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Trip Report

A Visit to New York Cuty

February 19, 2005


A 3 day weekend provided an excellent opportunity for me to visit New York City with my sister. She was going to see a childhood friend, and I was going to help her navigate New York City, and hopefully railroading. After subtly (or maybe not so subtly) encouraging her to spend all day Saturday with her friend, I posted on Amtrak Unlimited forums to determine possible plans. Alan came up with the following plan, and offered to join me.

So on Saturday I got up at 9, had breakfast with my sister, and set out for Penn Station for an 11:00 a.m. meeting with Alan under the Solari. My sister and I were staying at the Marriott Financial center in lower Manhattan. I started off at Rector Street taking the 1 train one stop to Chambers to transfer to a 2 or 9 express train. The 1 train moved slowly through the ground zero area, and stopped for a few minutes before pulling into Chambers Street. I followed the lead of another passenger, and switched over to the express. The express pulled in within a few minutes, and about 10 minutes later I was at Penn Station. I must have walked out of the wrong end of the station at 34th street, because I had a longer walk than expected through underground passages to reach Penn Station.

I called Alan on my cell as he was finishing breakfast at McDonalds. He walked me through the ticket purchasing process at a machine, and we boarded the next train to Jamaica, where we would transfer to the train to Far Rockaway.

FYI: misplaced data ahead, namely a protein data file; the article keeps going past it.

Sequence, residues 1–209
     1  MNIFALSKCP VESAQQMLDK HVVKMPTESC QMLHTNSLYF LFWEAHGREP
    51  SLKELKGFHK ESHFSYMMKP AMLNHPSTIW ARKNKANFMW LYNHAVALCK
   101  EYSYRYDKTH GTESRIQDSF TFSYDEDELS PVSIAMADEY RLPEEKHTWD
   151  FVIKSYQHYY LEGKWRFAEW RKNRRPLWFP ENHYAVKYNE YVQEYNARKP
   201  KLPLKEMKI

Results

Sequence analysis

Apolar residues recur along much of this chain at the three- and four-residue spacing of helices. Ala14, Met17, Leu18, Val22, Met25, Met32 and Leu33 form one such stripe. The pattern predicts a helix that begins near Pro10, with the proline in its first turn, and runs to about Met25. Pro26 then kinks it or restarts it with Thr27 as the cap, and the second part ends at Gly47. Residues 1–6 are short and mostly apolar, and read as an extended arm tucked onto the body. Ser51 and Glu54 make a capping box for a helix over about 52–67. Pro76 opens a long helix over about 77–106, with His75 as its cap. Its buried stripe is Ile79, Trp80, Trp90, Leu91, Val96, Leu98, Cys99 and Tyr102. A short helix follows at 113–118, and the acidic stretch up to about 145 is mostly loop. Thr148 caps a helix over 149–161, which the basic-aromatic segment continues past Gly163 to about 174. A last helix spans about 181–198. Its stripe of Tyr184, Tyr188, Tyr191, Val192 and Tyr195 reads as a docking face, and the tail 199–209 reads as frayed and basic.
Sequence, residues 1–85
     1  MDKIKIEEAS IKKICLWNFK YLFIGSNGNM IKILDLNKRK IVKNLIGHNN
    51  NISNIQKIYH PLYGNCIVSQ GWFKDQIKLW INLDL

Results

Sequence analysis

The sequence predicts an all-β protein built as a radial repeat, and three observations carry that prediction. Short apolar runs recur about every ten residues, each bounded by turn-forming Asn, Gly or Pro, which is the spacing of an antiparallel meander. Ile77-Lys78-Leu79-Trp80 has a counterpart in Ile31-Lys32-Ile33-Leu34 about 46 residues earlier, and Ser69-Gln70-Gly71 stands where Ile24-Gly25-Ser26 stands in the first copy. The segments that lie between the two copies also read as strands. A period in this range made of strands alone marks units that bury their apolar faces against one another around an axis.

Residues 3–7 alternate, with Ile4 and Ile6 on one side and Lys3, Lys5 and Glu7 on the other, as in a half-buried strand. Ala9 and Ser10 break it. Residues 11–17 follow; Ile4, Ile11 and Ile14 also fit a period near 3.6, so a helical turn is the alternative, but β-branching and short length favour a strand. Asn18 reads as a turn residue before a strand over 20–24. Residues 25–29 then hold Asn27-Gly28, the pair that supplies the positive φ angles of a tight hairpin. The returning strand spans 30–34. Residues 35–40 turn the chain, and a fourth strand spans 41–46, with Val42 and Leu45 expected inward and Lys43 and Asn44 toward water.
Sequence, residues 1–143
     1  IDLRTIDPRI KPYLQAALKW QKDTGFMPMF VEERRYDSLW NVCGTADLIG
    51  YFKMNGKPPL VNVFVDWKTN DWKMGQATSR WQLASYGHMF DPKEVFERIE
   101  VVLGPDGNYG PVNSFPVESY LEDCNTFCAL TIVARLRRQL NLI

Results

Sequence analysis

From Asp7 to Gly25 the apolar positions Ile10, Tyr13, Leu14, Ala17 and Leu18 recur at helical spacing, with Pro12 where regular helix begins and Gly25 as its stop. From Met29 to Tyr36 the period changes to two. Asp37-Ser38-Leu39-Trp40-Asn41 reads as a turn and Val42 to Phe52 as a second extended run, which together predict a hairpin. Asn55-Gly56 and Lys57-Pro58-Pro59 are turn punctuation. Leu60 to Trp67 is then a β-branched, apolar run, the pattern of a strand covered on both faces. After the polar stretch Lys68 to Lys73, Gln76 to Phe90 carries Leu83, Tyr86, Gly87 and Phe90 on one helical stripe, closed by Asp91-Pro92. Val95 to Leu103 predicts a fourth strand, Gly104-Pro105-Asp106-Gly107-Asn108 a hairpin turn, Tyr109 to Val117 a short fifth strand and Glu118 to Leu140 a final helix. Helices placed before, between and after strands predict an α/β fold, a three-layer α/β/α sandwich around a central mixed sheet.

This particular train had equipment that allowed rail fans to stand at the front to watch the tracks. The departure out of Penn Station through the East River Tunnel was enhanced by Alan's explanation as to how one set of tracks crossed over another set while still under ground. One would never know this unless they had read up on it, or had Alan with them because this crossing was not at grade, but accomplished while each set of tracks was in a separate tunnel.

After a brief run down a right of way that included 4 tracks for most of the trip, the train arrived at Jamaica. This is the busiest rail station in the country, or one of the busiest. There are complex junctions at each end of the station, making it an excellent place to watch trains. Also, the station is being remodeled. It includes a connection to the Airtrain to Kennedy Airport.

After a 10 to minute wait, the train to Far Rockaway arrived. This train consisted of newer cars, and thus I was unable to get a rail fan perspective of this part of the trip. Alan continued with detailed explanations of each junction. Also, he knows all of the different types of equipment on the LIRR. Compared to Chicago, this was a vast, exotic network of railroads that promised years of enjoyment. I mentally noted to encourage my sister to plan frequent trips to New York to visit her friend. By splitting the cost of air and hotel, the trip is more economical for both of us.

On approach into Far Rockaway, the train moves more slowly along a right of way with many grade crossings and station. This part is much like an interurban. At Far Rockaway, we left the LIRR for a short walk (about 4 blocks) to the Far Rockaway station on the A line of the subway system.